The Judgments (Reciprocal Enforcement) (Guernsey) Law, 1957 sets out a procedure for the registration and enforcement of a foreign judgment in order for it to be enforceable as if it was a judgment of the Guernsey Royal Court. There are a certain number of reasons which can mean that a foreign judgment which is being sought to be enforced under the Judgment (Reciprocal Enforcement) (Guernsey) Law, 1957 may not be enforced in Guernsey and these may include instances where the original Court did not have jurisdiction to determine the dispute, where the judgment was obtained by fraud and where enforcement would be contrary to public policy in Guernsey.
Where a foreign judgment is sought to be enforced at common law, the party seeking to enforce the judgment will issue proceedings in Guernsey relying on the foreign judgment in order to obtain an equivalent judgment from the Royal Court which may then be enforced. If a defendant was to seek to defend the Guernsey proceedings, the Plaintiff would usually seek summary judgment based on the fact that the foreign judgment had already been obtained and the doctrine of res judicata.
Arbitrations awards, both domestic and foreign, may be enforced by the Guernsey Royal Court under the provisions of the Arbitration (Guernsey) Law, 1982.
The most common method of enforcement of a judgment of the Royal Court in Guernsey is to provide the Act of Court recording the judgment to Her Majesty's Sheriff who is then able to seize assets in satisfaction of the judgment.
Privilege and disclosure
It is usual for parties to litigation to agree or be ordered to provide disclosure of relevant documents as part of the litigation procedure. There are two general forms of disclosure, standard disclosure and specific disclosure. When giving standard disclosure, a party will have to disclose all documents on which it relies as well as any other documents which adversely affect its own case, any documents which adversely affect another party's case and any documents which support another party's case (as well as any other documents the parties may be obliged to disclose under any practice direction). A document is defined as 'anything in which information of any description is recorded'. This will include anything which is held electronically (such as emails, electronic documents, calendars, scanned images etc.) and other information which may be retained in a form which is other than in hard copy form (such as voicemail messages or anything recorded on microfiche).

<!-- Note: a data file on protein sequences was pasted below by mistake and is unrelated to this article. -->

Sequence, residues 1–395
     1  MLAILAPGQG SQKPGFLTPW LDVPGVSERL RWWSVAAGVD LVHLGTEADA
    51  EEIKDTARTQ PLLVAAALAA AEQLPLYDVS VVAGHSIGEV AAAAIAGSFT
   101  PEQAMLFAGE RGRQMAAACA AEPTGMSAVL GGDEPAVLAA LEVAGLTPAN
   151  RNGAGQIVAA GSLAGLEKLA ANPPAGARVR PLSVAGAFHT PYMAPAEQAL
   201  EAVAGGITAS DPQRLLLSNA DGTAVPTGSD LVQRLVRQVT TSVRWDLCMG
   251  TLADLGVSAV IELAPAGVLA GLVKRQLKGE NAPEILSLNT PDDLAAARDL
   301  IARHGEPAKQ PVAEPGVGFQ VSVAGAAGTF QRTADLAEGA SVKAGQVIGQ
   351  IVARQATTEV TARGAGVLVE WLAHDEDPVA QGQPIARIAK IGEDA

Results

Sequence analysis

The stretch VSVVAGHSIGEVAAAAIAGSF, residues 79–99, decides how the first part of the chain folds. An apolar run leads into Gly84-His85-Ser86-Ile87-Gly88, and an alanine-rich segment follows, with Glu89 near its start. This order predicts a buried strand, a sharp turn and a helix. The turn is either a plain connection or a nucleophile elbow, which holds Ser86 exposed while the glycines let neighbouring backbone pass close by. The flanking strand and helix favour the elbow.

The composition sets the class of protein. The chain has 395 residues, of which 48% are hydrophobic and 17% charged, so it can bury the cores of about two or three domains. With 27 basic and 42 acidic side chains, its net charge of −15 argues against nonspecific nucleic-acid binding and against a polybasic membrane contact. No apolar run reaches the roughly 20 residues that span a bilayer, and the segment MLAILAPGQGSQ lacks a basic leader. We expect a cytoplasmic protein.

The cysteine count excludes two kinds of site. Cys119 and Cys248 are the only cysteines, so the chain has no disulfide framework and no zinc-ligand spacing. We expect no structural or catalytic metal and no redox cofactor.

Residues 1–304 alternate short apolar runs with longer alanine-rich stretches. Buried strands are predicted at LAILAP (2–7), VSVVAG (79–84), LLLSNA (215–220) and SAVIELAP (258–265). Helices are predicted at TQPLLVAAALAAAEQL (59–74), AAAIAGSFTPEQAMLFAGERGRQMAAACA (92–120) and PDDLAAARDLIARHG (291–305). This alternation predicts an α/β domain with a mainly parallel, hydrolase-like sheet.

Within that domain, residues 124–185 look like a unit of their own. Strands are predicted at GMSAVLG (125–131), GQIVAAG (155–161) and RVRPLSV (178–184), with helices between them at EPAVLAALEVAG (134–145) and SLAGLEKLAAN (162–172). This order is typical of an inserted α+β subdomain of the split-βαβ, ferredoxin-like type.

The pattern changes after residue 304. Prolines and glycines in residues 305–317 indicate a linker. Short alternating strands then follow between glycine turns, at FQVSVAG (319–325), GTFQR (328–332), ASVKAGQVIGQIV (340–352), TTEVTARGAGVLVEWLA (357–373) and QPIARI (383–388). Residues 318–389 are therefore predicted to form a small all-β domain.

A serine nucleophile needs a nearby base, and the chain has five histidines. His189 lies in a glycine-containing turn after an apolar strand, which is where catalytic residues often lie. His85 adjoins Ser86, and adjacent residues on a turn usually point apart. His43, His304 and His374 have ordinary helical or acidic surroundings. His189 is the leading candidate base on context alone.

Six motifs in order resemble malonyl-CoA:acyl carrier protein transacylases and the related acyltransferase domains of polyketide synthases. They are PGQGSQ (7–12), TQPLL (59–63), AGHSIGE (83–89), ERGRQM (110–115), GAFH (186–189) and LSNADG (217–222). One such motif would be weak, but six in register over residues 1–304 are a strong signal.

In addition, the obligation to disclose documents refers to documents which are in a party's control, or which have been in its control. This includes documents which are or have been in the party's physical possession, documents which the party has, or has had, the right to possess and documents which the party has, or has had, a right to inspect or take copies of.
Documents will be privileged from disclosure where they either attract legal advice privilege or litigation privilege.
With extremely limited exceptions (e.g. cases of personal injury or death), it is not possible to obtain pre-action disclosure of documents, nor is it possible to obtain orders for disclosure of documents from third parties as part of the disclosure process. However, there may be other forms of relief available from the Court in the appropriate circumstances which will entail the Court ordering such disclosure of documentation (for instance as part of the ancillary relief comprised within a freezing order, or a Bankers Trust order).